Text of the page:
Talk:Introduction to Research

Latest comment: 17 years ago by Hillgentleman

This page is still in progress - feel free to add, edit, clarify, etc. But I am also wondering if anyone reading this thinks it might be too narrow in focus? I make no bones about the area of research that I am most familiar with - educational/sociological research - but this makes me think that I may well have left out much about scientific research, for example. So, is this page really an introduction to research or is it an introduction to social research? Should we have many introductions to disciplines of research, or one introduction and then many links to various types of research projects, or research methodologies? I'm thinking we also need to have a research portal (Portal:Research) to collate material for people who are interested in finding out what research is, how it is done, and what they could do to get some personal feel for it. I'd very much welcome feedback on the larger issue of research within Wikiversity (see Wikiversity:Research), as well as this page itself. Thanks. Cormaggio 20:23, 2 November 2006 (UTC)Reply[reply]

I like the idea of having Portal:Research.

It is very rare for anyone to try to make a broad and general description of research. We live in an age of specialization and nobody can be an expert in all of the disciplines that make use of research. Each specialized domain of research has its own specialized research methods and traditions. Even the Wikipedia article on research is biased and describes a very narrow view of research. For example, the Wikipedia article does not mention the role of literature reviews in research and does not even link to Meta-analysis as a research method. The Wikipedia article for Literature review is just a stub and does not even link back to the Wikipedia article on research. The Wikipedia article on research has only one reference. I think that the family of Wikimedia Foundation projects has a "blind spot" that arises from the "No Original Research" policy. Wikiversity has an opportunity to become a Wikimedia Foundation project that is open to original research. Personally, I am interested in exploration of ways to make research activities an integral part of many educational activities at Wikiversity.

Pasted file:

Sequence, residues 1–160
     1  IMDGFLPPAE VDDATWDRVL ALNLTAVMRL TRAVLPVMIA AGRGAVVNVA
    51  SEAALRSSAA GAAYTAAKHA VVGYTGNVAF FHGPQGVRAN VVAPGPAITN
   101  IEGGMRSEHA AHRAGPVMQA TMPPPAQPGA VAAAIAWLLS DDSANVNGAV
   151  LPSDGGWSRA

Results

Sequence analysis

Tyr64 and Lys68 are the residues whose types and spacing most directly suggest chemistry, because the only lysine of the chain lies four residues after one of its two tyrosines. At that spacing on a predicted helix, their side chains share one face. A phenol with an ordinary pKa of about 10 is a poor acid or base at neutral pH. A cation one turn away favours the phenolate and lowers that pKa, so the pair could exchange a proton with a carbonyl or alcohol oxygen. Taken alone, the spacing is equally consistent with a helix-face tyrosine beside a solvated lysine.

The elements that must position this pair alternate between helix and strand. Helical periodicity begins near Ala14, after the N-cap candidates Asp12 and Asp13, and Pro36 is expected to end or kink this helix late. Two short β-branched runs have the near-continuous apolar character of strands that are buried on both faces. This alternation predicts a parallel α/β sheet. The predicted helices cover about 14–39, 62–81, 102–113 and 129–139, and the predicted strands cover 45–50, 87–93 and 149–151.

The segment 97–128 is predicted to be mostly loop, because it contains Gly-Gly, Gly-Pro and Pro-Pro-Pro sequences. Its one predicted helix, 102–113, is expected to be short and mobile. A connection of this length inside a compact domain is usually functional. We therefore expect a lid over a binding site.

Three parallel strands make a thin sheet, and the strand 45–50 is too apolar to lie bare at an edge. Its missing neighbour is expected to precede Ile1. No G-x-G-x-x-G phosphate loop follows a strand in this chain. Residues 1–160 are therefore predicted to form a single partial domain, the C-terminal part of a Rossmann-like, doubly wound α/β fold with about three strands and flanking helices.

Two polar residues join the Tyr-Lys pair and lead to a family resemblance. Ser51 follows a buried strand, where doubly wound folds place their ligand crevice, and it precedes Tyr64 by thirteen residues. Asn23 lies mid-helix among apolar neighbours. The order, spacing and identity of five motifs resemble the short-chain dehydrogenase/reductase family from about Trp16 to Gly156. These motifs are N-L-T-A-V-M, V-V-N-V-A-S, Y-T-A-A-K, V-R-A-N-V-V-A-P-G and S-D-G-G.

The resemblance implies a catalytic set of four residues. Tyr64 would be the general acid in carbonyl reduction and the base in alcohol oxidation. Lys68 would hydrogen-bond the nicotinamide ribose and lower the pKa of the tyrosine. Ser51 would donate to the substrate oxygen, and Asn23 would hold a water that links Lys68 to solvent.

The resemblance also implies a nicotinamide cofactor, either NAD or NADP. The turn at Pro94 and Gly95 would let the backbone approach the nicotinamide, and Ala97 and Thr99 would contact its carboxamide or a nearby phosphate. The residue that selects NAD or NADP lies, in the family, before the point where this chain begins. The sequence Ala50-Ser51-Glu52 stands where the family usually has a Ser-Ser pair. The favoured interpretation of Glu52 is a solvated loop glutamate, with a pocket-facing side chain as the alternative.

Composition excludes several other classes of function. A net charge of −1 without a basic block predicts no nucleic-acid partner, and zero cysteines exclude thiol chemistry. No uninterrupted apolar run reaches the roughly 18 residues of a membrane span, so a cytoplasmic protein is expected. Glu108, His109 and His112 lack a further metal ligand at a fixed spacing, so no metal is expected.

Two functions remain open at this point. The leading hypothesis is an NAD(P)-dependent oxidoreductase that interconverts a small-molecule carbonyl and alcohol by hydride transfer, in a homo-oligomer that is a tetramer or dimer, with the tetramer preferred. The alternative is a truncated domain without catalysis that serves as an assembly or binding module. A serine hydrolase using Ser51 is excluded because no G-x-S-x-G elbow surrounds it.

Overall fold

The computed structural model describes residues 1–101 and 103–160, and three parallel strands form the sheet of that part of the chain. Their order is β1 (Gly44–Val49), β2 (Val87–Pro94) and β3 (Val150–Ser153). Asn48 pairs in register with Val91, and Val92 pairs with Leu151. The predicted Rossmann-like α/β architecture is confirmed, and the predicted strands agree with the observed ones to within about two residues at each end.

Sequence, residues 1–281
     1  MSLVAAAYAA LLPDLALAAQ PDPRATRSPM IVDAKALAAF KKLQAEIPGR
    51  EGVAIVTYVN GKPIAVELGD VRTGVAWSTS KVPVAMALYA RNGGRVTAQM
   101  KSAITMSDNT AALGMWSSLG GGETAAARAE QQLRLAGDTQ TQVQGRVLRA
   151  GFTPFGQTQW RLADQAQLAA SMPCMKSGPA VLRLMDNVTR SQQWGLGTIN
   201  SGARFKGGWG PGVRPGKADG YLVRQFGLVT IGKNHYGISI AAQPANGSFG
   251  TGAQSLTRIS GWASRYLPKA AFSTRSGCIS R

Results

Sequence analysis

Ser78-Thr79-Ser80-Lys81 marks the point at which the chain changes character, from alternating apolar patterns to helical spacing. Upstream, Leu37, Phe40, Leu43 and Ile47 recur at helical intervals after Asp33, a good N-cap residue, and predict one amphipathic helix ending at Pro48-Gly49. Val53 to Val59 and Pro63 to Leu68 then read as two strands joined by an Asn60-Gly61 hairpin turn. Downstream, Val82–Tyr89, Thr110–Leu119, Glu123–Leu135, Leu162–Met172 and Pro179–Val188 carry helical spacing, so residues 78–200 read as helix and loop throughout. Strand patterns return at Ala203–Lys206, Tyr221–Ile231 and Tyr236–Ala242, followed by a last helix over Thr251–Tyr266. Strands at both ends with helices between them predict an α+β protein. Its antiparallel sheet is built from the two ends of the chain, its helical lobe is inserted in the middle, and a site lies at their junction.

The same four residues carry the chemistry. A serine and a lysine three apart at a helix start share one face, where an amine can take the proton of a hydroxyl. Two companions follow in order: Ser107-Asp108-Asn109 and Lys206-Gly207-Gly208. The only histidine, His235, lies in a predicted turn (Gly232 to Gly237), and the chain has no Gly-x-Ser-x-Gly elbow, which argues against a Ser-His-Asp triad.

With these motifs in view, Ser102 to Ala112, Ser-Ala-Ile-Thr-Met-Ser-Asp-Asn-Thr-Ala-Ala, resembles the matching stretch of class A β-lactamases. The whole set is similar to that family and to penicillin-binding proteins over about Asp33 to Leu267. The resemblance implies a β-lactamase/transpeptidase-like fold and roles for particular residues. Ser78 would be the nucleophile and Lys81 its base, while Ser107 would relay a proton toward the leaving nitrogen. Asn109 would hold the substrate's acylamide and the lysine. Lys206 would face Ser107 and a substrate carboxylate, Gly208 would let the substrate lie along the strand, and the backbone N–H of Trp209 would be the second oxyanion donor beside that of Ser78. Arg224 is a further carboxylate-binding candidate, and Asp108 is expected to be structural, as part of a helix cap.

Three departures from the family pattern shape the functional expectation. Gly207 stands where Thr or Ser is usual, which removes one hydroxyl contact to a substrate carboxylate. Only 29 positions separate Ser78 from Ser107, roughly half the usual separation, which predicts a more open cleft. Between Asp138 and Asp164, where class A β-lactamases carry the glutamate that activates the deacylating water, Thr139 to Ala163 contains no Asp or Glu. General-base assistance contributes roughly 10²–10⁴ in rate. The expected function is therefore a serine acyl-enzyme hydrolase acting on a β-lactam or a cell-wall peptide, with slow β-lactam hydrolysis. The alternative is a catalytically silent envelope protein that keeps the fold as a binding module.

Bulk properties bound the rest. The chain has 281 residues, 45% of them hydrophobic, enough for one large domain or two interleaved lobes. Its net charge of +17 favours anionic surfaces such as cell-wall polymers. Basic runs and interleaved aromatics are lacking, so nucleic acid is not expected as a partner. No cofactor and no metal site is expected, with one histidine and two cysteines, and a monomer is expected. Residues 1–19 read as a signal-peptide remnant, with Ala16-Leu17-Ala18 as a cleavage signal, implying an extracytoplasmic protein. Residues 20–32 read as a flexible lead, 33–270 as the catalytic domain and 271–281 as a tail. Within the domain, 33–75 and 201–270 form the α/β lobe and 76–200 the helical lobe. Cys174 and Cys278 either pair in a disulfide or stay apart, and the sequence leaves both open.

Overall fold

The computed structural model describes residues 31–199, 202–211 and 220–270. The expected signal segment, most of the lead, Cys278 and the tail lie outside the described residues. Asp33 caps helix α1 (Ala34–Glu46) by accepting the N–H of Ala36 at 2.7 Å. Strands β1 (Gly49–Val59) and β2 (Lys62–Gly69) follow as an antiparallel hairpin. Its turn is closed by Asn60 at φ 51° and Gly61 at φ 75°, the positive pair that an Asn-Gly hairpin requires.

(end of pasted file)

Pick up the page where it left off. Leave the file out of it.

There are some good reasons for Wikiversity participants to try to create a broad and general description of research. First, I believe that an interest in research should be fostered in everyone who is a member of a democracy. People need a tool kit that allows them to recognize when ideas are supported by evidence rather than the product of propaganda mills. Critical assessment of existing knowledge is the fundamental first step in research, and everyone should be given experience in critical assessment of existing knowledge as part of their education. Our culture is characterized by a rapid rate of development of new ideas and technologies; in many cases this is facilitated by government funding. Everyone should understand the basics of how professional research is funded and integrated into society.

Second, Wikiversity participants are supposed to be creating a set of policies and guideline by which original research will be allowed as a component of Wikiversity. One proposal that has been made is that research policy for each academic discipline in every language, "should be left to the individual specialist areas as well as the individual language versions" (source). This idea is in contrast to the request by Board member Anthere, "..... guidelines should be developped, *in particular* with regards to collaborative research. We would hope that these guidelines are as much as possible developped on the beta site (in particular collaborative research), so that all languages share a common goal and a few common non negociable rules." (source). If we are going to have some project-wide guidelines for research activities, we would benefit from having a clear description of what research is in the broadest sense and a staement of what aspects of research should be viewed as the project's priorities for integration with Wikiversity's educational mission.
--JWSchmidt 00:29, 3 November 2006 (UTC)Reply[reply]

In very rough terms, research in mathematics consists of posing problems, solving them and posing more problems. The difference between a good mathematicist and a bad mathematicist is how coherent (and deep, general, useful, etc) a theory one creates out of all that. Two deep problems today are Riemann's hypothesis and Langlands' programme. In theoretical physics, the outstanding problem is the construction of quantum field theory with gravity.--Hillgentleman 06:32, 7 November 2006 (UTC)Reply[reply]

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